More Sell Side Layoffs ...

Last week a "bulge bracket" investment bank laid off its 3-person team of analysts covering the same industry - Engineering & Construction - that I covered at my last job. It was part of a headcount reduction that included several teams of analysts. The labor trend on the street, while unfortunate for me and my peers,  validates my views ...

There are way too many analysts on the street. Wall Street cannot continue to support the headcount and infrastructure with trading commissions at a few cents a share. The situation has baffled me since I graduated business school.

The sell side work is not viewed as value add. The concierge stuff, the management visits, the race to be the first to re-write an earnings release and the models with 15% CAGR always hewing close to guidance, is a race to the bottom in my opinion, and that always ends with a bump. 

Where the sell side converges with entertainment and media, it becomes a slippery slope. Being a talking head on TV is fun and it reinforces the image of importance, but it's not necessarily the best way to deliver information to clients. 

... it took OTB 20 years after the advent of the Internet to go out of business and it will take institutional equity research at least that long to follow suit if it continues its race to the bottom.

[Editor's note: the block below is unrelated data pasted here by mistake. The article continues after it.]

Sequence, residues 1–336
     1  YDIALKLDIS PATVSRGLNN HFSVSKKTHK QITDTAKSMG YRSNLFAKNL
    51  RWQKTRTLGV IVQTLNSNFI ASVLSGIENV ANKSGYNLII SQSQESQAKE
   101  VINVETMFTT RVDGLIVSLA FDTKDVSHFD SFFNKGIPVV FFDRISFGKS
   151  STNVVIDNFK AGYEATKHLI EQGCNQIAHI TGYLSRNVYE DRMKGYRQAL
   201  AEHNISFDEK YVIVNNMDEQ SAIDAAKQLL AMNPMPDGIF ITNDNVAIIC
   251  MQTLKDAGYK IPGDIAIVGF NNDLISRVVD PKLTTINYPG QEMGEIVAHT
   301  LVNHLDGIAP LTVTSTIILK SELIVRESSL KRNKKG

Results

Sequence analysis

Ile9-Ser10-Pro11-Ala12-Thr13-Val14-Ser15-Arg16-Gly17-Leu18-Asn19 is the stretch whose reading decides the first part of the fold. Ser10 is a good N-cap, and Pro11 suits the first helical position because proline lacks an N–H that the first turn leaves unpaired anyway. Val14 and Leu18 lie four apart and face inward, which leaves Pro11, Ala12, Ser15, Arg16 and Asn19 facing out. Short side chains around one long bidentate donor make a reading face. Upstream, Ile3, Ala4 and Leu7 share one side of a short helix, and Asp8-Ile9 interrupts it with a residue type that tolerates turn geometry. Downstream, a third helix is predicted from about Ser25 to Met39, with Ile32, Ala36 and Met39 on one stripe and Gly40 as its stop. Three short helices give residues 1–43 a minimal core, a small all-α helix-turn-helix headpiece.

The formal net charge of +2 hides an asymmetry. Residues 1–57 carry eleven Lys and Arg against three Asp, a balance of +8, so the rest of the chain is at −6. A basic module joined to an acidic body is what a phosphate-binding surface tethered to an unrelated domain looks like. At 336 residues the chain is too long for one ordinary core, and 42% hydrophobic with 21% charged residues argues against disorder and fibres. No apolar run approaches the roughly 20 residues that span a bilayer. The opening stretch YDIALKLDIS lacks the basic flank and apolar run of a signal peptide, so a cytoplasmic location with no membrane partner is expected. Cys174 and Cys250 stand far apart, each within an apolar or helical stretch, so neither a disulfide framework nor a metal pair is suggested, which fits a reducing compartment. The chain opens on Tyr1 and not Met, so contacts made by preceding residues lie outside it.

However, I think it can avoid that same fate by leading with its strengths ... 

It is legal. Wall Street sell side is research is highly regulated. You will not end up doing the perp walk talking to a Wall Street analyst as you might using the "expert networks" or other off Wall Street research. 

It scales. An industry expert can attend a conference, talk to sources, be intimate with management, its personalities, its self identities, understand its drivers and passions, and give clients perspective and history faster than a buyside client can replicate that on their own.

Over time, analysts become experts and this cannot be automated or quickly replicated. The value of an analyst comes from their ability to understand the nuances of the business via independent research, so they can verify what management is saying, ask questions on behalf of shareholders and provide perspective to clients. 

... there are many good analysts on the street doing great thinking and great research on industries, companies and their valuations. But so much is drowned out and crowded out by news and noise.

The business I think would do well to get back to its roots as a sleepy profession one step up from accounting (apologies to accountants, but you're all preparing taxes now anyway). And better still if it could devolve a bit away from earnings notes and 6AM starts and other artifacts of the FAX days, and just focus on the perspective and information that clients need to make better decisions about the thousands of stocks they cover in their funds.